Tuesday, August 27, 2013

#29 - Simple Lambic (Funky Kast #4)

Not sure what took me so long to post this but I'll finally publish...

After bottling half of my sour brown I was ready to crank out another sour. Taking half of the yeast/bacteria cake from the sour brown and adding it to an extract lambic seemed a simple, effective method.  I used just under an ounce of saaz hops for 35 minutes to keep the ibus down and also boiled half a pound each of flaked wheat and Maltodextrin combined with 6 lbs of Wheat LME. In addition to the sour blend I also added American ale yeast to ensure full fermentation and 1 oz of Hungarian medium toast oak for the full barrel flavor of a classic lambic. I plan to add dregs of various sours as this one progresses.

A little over a month in the carboy and this beer is already down to 1.002.  Light sourness but also pretty young and sweet.  Added dregs of Cantillon Geuze.

A very bad outhouse smell began to develop.  Pulled a sample and it doesn't seem to be the beer, maybe mold around the top of the carboy?  Beer smells and tastes about the same as a month ago, light lemony sourness and some grainy sweetness despite the extremely low gravity.

Wasn't able to taste/test gravity but the outhouse smell is gone. This beer might be ready for at least some to be bottled. I will have to taste in about a month and make some determinations but it is beginning to smell fairly sour and funky and I don't want this to go nearly as sour/acetic as the Flanders red.

Gravity down to 1.000. Taste is tart and refreshing. It might be about time to bottle at least some of this.

Racked 3 gallons onto .5 oz of previously used oak and bottled the rest. Still moderately sour but not overly complex.

Received some positive comments on this beer from a brother and his friends.  Might be time to do a full tasting write up.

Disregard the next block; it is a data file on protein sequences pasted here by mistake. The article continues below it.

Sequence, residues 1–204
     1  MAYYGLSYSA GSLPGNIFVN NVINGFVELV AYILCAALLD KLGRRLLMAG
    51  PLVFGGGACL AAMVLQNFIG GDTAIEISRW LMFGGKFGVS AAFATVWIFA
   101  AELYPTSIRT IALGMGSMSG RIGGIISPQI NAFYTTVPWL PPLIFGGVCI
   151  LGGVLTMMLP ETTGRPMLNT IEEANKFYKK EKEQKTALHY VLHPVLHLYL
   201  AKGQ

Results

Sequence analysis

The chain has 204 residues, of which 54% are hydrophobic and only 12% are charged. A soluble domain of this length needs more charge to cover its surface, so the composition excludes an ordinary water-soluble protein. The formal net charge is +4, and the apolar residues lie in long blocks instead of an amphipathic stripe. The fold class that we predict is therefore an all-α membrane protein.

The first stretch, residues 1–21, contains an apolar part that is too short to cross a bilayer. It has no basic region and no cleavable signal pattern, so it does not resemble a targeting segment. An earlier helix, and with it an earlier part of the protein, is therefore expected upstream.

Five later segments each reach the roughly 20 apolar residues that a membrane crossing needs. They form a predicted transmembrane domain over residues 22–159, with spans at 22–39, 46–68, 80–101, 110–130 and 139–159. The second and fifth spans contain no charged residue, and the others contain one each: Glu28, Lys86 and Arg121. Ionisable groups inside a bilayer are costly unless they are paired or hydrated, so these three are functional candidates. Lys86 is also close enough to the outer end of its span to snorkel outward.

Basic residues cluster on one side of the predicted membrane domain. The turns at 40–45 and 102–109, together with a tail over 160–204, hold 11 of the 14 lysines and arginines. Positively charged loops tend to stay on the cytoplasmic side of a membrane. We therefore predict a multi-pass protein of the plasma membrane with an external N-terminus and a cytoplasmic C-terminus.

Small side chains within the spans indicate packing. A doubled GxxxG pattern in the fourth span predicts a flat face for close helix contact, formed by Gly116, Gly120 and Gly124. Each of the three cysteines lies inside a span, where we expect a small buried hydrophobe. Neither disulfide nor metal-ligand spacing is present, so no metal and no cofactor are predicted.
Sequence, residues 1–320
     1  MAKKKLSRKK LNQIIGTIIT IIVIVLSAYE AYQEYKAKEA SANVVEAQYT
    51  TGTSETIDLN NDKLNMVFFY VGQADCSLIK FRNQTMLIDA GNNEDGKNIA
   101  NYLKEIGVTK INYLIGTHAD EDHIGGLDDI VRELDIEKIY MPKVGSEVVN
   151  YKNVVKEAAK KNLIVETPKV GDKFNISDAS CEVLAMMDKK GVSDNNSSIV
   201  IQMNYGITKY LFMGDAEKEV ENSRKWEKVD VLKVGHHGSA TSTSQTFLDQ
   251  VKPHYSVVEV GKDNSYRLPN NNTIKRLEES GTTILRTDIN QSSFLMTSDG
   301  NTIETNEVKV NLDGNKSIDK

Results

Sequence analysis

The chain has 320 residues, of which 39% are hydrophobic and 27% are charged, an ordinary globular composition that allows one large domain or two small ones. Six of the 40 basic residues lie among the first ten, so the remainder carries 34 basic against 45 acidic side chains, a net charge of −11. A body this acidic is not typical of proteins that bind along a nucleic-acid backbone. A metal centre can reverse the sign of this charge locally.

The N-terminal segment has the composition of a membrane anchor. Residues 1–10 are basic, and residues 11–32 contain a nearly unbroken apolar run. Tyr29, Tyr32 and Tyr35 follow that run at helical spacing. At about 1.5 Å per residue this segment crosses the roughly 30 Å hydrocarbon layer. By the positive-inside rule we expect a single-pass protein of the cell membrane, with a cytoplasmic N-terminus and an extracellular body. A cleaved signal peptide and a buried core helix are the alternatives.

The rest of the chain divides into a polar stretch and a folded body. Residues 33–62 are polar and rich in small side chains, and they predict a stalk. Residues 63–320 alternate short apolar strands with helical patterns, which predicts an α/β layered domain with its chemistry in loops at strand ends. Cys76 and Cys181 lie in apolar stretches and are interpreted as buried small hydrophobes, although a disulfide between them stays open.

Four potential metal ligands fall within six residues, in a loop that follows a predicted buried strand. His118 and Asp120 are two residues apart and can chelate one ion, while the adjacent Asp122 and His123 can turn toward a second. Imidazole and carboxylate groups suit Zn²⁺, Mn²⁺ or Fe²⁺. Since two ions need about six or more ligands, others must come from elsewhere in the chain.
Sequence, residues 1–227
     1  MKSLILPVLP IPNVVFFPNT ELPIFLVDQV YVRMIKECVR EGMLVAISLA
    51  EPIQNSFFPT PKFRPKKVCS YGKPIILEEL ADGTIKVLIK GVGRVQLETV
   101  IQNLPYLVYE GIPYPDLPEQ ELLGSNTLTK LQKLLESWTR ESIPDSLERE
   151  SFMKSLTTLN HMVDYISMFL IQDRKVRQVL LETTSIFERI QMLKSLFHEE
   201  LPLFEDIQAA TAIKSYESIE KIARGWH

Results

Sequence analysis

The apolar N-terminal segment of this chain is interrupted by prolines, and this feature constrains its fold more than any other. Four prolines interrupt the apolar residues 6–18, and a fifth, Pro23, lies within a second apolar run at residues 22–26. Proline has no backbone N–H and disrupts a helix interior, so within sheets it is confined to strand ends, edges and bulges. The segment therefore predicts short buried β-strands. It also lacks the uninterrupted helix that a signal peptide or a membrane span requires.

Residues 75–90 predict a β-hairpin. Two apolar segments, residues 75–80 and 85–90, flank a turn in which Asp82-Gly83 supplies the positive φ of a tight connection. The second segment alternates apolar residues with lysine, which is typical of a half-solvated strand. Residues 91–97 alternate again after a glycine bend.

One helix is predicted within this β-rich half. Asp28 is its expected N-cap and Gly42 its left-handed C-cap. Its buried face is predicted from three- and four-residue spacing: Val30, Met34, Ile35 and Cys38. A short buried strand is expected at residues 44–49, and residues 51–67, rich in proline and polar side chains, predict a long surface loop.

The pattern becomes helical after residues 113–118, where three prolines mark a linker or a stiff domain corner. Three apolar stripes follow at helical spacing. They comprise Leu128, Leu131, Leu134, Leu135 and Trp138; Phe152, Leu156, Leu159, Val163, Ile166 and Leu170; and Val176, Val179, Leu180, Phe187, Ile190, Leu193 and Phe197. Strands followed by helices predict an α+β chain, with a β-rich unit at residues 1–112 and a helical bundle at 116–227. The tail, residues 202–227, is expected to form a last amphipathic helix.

Beer is over 2 years old with half the batch kegged.  Decent flavors, moderate acidity, no noticeable acetic acid or other off flavors.

14.5 oz. Oregon Fruit Red Tart Cherries pitted in water added to the keg with about 2 gallons beer remaining. Sweet Cherry puree and juice reserved for a later addition.

Tuesday, August 13, 2013

#30 - Amarillo IPA

Finding myself with 3 oz. of Amarillo hops, an open fermentor and no hoppy beers sitting around I decided it was time to brew another American IPA.  While my #28 American Saison features Amarillo and was designed to have a mild hoppiness this beer was intended to be much more bitter and hop forward without yeast character.  In order to up the bitter hop character I used a much different water chemistry profile than I had and added quite a bit of gypsum with just a touch of calcium carbonate.  The simple mash (2-row with just a touch of Vienna and Carastan) made for a fairly easy brewday, though I once again missed my target gravity.  I brought a few bottles of this beer to the beach with me and they were finished fairly quickly.  It's a very pleasant beer but not one that wouldl stand out in a crowd.

Wanted to do a tasting of this IPA...unfortunately (fortunately?) it appears my dad really enjoyed it and there aren't any bottles remaining. Probably for the best with a beer this hoppy which deserves to be enjoyed fresh. Only wish I'd taken a little more notes to have a better sense of how to tweak it next time around. Also wish I had taken a picture since that's really all this post has been waiting on since brew day in July. As the saying goes, only the good die young, and this was a good beer.

A Brief Brew Like a Monk Book Review

I've been holding off on writing this review both because I had other things to write about an because I wasn't entirely sure how I felt. Stan Hieronymus' Brew Like a Monk can be a really interesting and fun read at times with beer and monastery histories and descriptions flowing off the page. At other times it feels as though things are a jumble, processes and facts get repeated or thrown out at strange times. While I like the way the author goes about making each brewery and its beer into a story, it sometimes feels as though there's nothing to tell.

On the actual recipe formulation side of the book some of the recipes given seem a bit off and he often utilizes brewers to come up with recipes for styles they don't brew or at the least don't specialize in. Why not ask them about something they actually know?  While I'm sure Ron Jeffries (Jolly Pumpkin) or Vinnie Cilurzo (Russian River) respective recipes for a Blonde and a Golden strong are nice, I would much rather they gave ideas for sours which they specialize in, or at least Orval clone ideas.

All around I found the book a worthwhile straight through read which I may come back to next time I brew a Trappist inspired beer and which helped in formulating my recent quad recipe. Far from the worst but also not among the best as far as beer books go.  I look forward to reading the author's other work including For the Love of Hops: The Practical Guide to Aroma, Bitterness and the Culture of Hops but hope it is better edited and less scatterbrain.